• Exclude a protected class drug from a formulary if the price of the drug increased beyond a certain threshold over a specified look-back period.

Michael Strazzella at Buchanan, Ingersoll & Rooney PC., says, “I think being able to exclude [certain] protected class drugs from the formulary is going to be very significant for plans….And it is going to force the pharmaceutical companies to work more within the formulary managed care communication.”

CMS in the proposed rule extended the opportunity given to plans for 2019 to implement appropriate utilization management tools for managing Part B drugs. The new rule included a proposal to modify Part D adjudication time periods for organization determinations and appeals involving Part B drugs to make sure that enrollees maintain access to all medically necessary Part B covered therapies.

According to Heidi Harmon at Gorman Health Group, “This Part B and Part D comingling will be easier for MA-PD [Medicare Advantage prescription drug] plans that already have a Pharmacy & Therapeutics Committee in place. MA-only plans will now need to develop and utilize a P&T Committee.”

The recent rule also proposed a new requirement that each plan adopt an RTBT by Jan. 1, 2020. This tool would allow prescribers to have a “complete view of the beneficiary’s prescription benefit information.” Plans are encouraged to “promote full drug cost transparency by showing each drug’s full negotiated price.”

“I think it’s going to be very interesting if they decide to try and forward with the tool,” says Strazzella. “Information doesn’t hurt decisions, but whether it gets utilized or not is unclear to me. And if medical decisions are going to be totally based on pricing, that’s a dangerous way to go.” And it would require “constant monitoring” and additional education to providers, which could be challenging, he adds.

Radar On Market Access: Drug-Pricing Transparency, Vertical PBM Deals Are Top of Mind for Employers in 2019

January 22, 2019

As they look to win over employer clients this year, PBMs should be prepared to face stiff competition and embrace emerging trends such as value-based formularies and rebate-free models, benefits consultants tell AIS Health.

As they look to win over employer clients this year, PBMs should be prepared to face stiff competition and embrace emerging trends such as value-based formularies and rebate-free models, benefits consultants tell AIS Health.

“I’ve heard more interest about RFPs and going out, looking for or market-checking vendors than I have in a while — particularly on the PBM side,” says Suzanne Taranto, a principal and consulting actuary for Milliman, Inc.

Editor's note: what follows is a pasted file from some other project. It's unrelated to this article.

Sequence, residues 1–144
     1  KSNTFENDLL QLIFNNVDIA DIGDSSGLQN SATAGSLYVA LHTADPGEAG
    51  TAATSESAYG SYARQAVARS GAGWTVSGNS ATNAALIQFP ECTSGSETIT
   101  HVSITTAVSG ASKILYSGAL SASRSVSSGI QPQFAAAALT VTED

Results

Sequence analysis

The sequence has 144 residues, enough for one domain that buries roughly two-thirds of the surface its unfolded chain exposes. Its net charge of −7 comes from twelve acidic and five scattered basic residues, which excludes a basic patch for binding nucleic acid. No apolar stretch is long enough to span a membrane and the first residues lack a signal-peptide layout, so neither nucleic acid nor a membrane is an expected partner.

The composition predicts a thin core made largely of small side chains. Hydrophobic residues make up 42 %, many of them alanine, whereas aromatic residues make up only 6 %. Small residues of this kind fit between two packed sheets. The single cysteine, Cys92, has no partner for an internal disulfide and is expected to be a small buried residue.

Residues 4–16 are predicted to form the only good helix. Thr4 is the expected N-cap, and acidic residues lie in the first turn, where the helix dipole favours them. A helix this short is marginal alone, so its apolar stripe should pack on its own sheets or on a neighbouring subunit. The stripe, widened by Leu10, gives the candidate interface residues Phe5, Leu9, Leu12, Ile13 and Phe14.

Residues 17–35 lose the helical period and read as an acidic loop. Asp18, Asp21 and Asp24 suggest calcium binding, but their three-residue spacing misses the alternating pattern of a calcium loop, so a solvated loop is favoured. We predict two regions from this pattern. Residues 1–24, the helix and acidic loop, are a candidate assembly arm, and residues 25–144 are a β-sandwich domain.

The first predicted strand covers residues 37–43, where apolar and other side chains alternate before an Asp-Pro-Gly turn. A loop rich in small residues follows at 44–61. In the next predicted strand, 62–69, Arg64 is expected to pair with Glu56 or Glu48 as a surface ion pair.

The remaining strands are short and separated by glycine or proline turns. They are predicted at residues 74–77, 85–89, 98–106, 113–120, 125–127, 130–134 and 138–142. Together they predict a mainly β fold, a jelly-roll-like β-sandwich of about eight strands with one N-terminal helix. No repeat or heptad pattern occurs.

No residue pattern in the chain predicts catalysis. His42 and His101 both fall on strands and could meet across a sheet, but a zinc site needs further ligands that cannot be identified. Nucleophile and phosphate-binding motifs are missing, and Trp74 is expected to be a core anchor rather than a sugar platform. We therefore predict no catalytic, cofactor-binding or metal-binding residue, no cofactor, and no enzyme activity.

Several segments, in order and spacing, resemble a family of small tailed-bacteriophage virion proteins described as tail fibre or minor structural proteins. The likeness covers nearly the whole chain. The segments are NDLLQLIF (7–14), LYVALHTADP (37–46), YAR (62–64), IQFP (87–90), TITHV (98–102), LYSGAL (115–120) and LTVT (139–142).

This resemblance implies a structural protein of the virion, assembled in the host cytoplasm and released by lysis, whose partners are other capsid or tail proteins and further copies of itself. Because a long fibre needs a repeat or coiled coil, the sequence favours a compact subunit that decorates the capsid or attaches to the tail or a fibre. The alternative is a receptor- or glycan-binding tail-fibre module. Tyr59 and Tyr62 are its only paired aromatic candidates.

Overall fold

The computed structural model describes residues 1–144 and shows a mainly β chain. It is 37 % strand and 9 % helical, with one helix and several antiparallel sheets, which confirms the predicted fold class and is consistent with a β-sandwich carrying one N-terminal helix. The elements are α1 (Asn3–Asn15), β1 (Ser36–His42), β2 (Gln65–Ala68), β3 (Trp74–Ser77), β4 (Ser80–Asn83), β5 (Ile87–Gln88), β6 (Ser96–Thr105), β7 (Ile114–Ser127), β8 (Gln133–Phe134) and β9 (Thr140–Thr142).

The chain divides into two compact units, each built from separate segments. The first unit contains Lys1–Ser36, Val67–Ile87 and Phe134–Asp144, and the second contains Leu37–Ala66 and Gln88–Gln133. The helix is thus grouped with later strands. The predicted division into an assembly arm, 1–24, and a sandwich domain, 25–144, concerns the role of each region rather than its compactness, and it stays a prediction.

Companies are also considering how the vertical integration in the PBM space is “reshaping the landscape,” says Renya Spak, who leads Mercer’s Center for Health Innovation.

“The main players in the pharmacy and medical space are all going to start operating a little bit differently,” Spak says. “We thought we knew how they operated and their business model, but now that they’re vertically integrated, I think we need to apply a whole new lens to understanding how they will operate and what will drive their business forward in the future.”

That said, many of the same themes that employers are focused on will apply, including greater transparency around drug pricing and rebates, and even rebate-free models, she says. Presumably in response to that demand, CVS in early December unveiled a Guaranteed Net Cost PBM model, under which it will pass 100% of rebates to plan sponsors.

Along similar lines, Spak says she’s seeing renewed interest in formularies that are based on the value that certain drugs deliver versus how rebates flow.

Another trend that Taranto is seeing involves “more care management programs, more interest in the specialty space and looking at alternative ways to procure those drugs,” she says.

Specialty drug spending is always a high-attention area, Taranto explains, but now there more tools and different options available — not only from the “usual suspects,” PBMs — but also from other vendors that are offering to help manage these pricey medications.

For employers that are large enough, that may mean they consider a different contract, she says. But “if you’re smaller, you may be looking at a number of specialty pharmacy providers outside of the standard PBM, on a carve-out basis, who promise better pricing, better deals.”